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How Do The Underprivileged in Lebanon Deal with Diabetes

For underprivileged diabetics here in Lebanon, living in below-average conditions and possibly deprived of some of their basic needs, diabetes can be harder to manage. According to the UNDP, the poverty rate in Lebanon has increased up to 32% since 2011. In parallel, there were 464,200 cases of diabetes in Lebanon in 2015 as stated by the IDF, and this number is continually increasing no doubt.

· Diabetes Solutions

Challenges faced by underprivileged diabetics in Lebanon

Diabetes is a serious condition that doesn’t only leave its impact on health, but also on the finances of the household which one or more of its members have diabetes.
One of the problems that the disadvantaged diabetics face is that, unfortunately, only employees and their families and university students can be enrolled in the CNSS here in Lebanon, which leaves out the other segment of underprivileged diabetics with no access to enough medication and medical equipment needed to manage their illness because they can be too expensive for them.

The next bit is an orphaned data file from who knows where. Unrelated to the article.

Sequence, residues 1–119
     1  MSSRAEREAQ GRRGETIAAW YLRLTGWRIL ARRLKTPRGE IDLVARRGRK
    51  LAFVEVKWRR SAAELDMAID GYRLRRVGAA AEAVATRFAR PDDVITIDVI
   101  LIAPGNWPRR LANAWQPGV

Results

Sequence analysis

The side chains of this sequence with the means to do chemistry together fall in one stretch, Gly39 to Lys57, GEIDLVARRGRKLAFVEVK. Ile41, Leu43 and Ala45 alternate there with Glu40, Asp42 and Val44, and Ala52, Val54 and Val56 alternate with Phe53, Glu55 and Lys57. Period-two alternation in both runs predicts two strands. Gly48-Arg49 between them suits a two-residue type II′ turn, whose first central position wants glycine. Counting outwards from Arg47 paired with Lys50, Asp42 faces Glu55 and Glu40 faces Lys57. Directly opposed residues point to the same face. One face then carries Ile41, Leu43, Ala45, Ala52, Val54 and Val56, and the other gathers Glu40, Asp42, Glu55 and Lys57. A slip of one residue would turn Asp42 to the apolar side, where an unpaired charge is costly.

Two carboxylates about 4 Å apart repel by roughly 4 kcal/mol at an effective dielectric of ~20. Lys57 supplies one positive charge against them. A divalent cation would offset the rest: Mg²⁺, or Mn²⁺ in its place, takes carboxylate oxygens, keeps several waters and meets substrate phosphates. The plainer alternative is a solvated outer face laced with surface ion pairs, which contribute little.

Furthermore, they are not able to pay the needed visits to healthcare providers which means that they won’t be receiving the proper education about their case and how to successfully deal with it in order to prevent later complications of high blood glucose levels, nor do the routine checkups and laboratory tests to monitor their health status as often as they should (HbA1C%, lipid profile, etc…) because they would rather spend their money on what they consider to be more basic and essential.
Their low economic status might even affect their diet and lifestyle, two important keys in diabetes management, since “healthy food” or foods that are considered lighter or made with less or no sugar are less affordable than regular food items, and most of the physical activities require paid membership.

Luckily, there are several facilities that attenuate this problem, like Chronic Care Center which provides in-depth education about diabetes and counseling for type 1 diabetics, free of charge (we will be covering it in more details in a later blog), in addition to some local dispensaries that may offer medication and doctor appointments for free or at lower prices than pharmacies and private clinics.

However, the burden of diabetes is increasing day after day, and even those services may not be enough to cover the high demands of diabetes which calls for more campaigns that shed light on this pressing issue and convenient and easily-accessible tools that help people with diabetes live better with their condition and making diabetes management, less diabetic.

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Written by Hiba Ayoubi

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